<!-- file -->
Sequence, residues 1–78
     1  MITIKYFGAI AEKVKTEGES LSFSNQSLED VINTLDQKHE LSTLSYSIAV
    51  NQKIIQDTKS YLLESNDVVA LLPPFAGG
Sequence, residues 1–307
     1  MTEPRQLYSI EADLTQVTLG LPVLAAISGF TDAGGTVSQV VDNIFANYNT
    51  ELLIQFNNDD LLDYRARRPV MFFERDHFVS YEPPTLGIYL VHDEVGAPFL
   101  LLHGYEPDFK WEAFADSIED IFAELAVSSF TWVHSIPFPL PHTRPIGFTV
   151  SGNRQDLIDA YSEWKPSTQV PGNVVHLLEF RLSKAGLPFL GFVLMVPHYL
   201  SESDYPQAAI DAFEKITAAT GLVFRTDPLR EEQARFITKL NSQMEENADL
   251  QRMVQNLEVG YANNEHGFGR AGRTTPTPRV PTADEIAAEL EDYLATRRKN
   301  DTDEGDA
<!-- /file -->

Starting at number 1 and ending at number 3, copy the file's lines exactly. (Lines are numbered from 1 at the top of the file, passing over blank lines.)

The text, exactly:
Sequence, residues 1–78
     1  MITIKYFGAI AEKVKTEGES LSFSNQSLED VINTLDQKHE LSTLSYSIAV
    51  NQKIIQDTKS YLLESNDVVA LLPPFAGG